Weymouth Library has been taken over by a sea of red – as a dramatic memorial, commemorating fallen soldiers was unveiled on Saturday. 

The elaborate display includes a poppy adorned spitfire in the main library and a spectacular installation in the Mulberry gallery which includes a soldier, canon, cross and small horse made from thousands of handcrafted poppies. 

Co-ordinated by the Let’s Make It art group led by community development worker Julie Hursthouse, an army of more than 500 volunteers from across Dorset have been involved in the project, creating an incredible 85,000 poppies by hand. 

Joy Stanley, who has knitted more than 1,000, said it is the older generation’s duty to raise awareness of the sacrifices made in war to the younger generation. 

“What’s my time compared to their lives? It’s a pleasure to show respect to our armed forces,” she said. 

Each knitted poppy takes two hours to make and the total poppy effort has taken an incredible 350,000 volunteer hours to complete. 

Mayor of Weymouth and Portland, Kevin Brookes joined students from Budmouth College to attach poppies to the Spitfire.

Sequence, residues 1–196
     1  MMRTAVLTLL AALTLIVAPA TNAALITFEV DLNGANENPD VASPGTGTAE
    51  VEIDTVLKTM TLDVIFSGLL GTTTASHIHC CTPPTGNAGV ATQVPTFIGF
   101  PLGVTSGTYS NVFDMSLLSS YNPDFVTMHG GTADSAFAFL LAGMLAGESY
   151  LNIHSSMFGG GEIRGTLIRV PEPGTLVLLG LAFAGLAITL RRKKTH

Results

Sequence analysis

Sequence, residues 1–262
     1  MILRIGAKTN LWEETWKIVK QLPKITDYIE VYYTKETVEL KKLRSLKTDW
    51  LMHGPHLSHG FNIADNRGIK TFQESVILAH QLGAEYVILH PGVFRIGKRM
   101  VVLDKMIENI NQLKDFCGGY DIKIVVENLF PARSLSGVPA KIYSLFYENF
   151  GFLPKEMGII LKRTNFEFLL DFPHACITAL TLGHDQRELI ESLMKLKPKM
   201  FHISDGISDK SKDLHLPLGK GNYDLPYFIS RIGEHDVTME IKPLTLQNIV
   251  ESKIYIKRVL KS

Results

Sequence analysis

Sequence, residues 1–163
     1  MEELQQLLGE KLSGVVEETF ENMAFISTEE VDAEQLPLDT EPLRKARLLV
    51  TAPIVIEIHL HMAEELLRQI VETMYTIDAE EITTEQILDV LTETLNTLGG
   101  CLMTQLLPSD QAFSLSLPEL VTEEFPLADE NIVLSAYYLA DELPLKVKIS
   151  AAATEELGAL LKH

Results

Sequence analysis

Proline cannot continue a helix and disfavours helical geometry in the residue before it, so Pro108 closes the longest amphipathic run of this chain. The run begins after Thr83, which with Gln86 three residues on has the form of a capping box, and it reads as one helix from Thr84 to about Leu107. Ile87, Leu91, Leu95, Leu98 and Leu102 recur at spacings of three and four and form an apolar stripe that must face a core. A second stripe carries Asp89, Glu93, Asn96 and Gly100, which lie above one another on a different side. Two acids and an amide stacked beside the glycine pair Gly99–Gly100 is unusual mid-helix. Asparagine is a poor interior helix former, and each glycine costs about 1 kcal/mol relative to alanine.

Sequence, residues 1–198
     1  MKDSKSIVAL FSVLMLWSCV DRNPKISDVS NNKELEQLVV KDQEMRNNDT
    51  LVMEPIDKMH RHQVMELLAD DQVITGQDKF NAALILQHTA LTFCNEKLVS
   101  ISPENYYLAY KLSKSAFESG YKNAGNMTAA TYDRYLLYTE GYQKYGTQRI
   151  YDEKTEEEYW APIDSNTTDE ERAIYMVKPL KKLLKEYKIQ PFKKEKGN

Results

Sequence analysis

At the launch he said: “It’s an absolutely fabulous display. This is the time we remember and pay our respects and as older generations die away, it’s important for the younger generation to grow up seeing things like this as they have a big responsibility to keep it going.” 

Each one of the 85,000 poppies represents 10 soldiers who died in the First World War. 

Volunteer Moira Bellingham said: “Every time you walk round the corner and see it, it still takes you breath away.”Fellow volunteer, Val Lawson said the display was not intended to glorify the dead but the thank them. 

Jack Glynn, aged 10, who was visiting the display said: “I think it’s really good because it’s to remember all the soldiers who died in the First World War and to make it out of poppies, which were the first flowers to grow on the battlefields was a really clever idea.”

Members of the public are also able to purchase a knitted poppy which they are then able to dedicate to someone of their choosing and add to the display or pin to a giant poppy. 

Julie Hursthouse said she had received e-mails from Germany, Austria and New Zealand asking for the poppy design to create similar displays. 

“It’s gone global,” she said. 

However, Julie added, although two years in the making, this would be the last time the incredible installation goes on display.

The full display can be enjoyed in the Mulberry Gallery at Weymouth Library until December 8.